Type of project: Design-driven project
Collaborators: Department of Conservation, Artist contributions from Julian Southgate, Lynette Hartley and Sarah Mankelow
Sponsors/Funders: Christchurch City Council, Briford Trailers, Hire King, Life in Vacant Spaces, Parkhouse Garden Supplies, Tait Communications, Trees for Canterbury, Waterforce, Whakaora Te Waihora and Fern Factor

Designers: Jonathan Hall, Gina Payne
Location: Spark Park – Hereford Street, Cathedral Square & New Regent St, Christchurch, NZ
Completed: December 2015.
Status: Permanently planted, Mt Vernon Forest Park, Port Hills (2017)

Restless Forest was an innovative moving native garden created in 2015 in collaboration with the Department of Conservation. The forest combined landscape design, art, story-telling and natural history to draw attention to the plight of our natural heritage.  With each move through the inner-city a new chapter of its story was published [read here] and a corresponding illustration created for colouring-in.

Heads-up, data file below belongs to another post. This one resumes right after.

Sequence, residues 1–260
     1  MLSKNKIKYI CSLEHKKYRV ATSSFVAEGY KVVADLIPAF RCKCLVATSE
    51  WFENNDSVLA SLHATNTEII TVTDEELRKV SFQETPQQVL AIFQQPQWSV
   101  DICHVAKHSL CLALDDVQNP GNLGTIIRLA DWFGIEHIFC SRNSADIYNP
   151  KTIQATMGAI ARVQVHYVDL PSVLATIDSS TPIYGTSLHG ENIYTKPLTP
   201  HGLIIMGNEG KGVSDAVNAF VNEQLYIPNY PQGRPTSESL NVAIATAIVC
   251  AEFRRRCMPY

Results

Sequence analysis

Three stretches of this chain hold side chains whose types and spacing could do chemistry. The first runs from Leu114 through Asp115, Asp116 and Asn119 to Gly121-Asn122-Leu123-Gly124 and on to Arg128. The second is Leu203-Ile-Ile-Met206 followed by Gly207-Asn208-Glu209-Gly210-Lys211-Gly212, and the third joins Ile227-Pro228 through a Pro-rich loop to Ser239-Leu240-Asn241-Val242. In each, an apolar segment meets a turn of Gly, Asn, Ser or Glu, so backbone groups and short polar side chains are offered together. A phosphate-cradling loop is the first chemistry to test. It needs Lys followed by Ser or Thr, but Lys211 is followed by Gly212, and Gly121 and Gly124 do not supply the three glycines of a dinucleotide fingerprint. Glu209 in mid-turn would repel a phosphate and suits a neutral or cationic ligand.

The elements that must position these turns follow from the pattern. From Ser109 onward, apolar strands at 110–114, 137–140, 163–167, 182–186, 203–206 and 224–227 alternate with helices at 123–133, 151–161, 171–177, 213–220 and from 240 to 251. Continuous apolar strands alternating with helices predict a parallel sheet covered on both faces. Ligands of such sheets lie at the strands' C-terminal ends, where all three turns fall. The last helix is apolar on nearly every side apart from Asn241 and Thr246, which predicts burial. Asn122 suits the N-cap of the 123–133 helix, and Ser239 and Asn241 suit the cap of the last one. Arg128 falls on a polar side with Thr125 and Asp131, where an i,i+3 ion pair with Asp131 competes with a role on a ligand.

The forest had a unique look with curved corten steel edging the raised garden beds, dense trees and shrubs up to two meters in height to give the forest effect, a fake podocarp tree stump for seating (with a miniature door for fairies of course) and initially, some painted ‘mountains’ as a backdrop.  The formation changed with each move and each new chapter; Riparian Forest, Remnant Forest and finally Restorative Forest in 2017 where it combined with another project Tree Hill to represent integration into the urban context.  Innovation was at the core of this work to enable adaptability on rubble or paved sites, water retention, sculptured mulching and easy transportation.  In the winter of 2017 the Restless Forest found its final resting place, adding to ongoing restoration work in the much loved Christchurch Port Hills. 

More information can be found at the project website.

‘I am the Restless Forest.  Like a ghost I haunt these city streets, moving from place to place.  The remains of my ancestors lie in the soil, locked in the concrete beneath your feet.  I am a fragment of memory, a reminder of what was lost.  But I am also a window to what might be; a dream of a greener city.  And hidden in my heart there are treasures to be discovered.’

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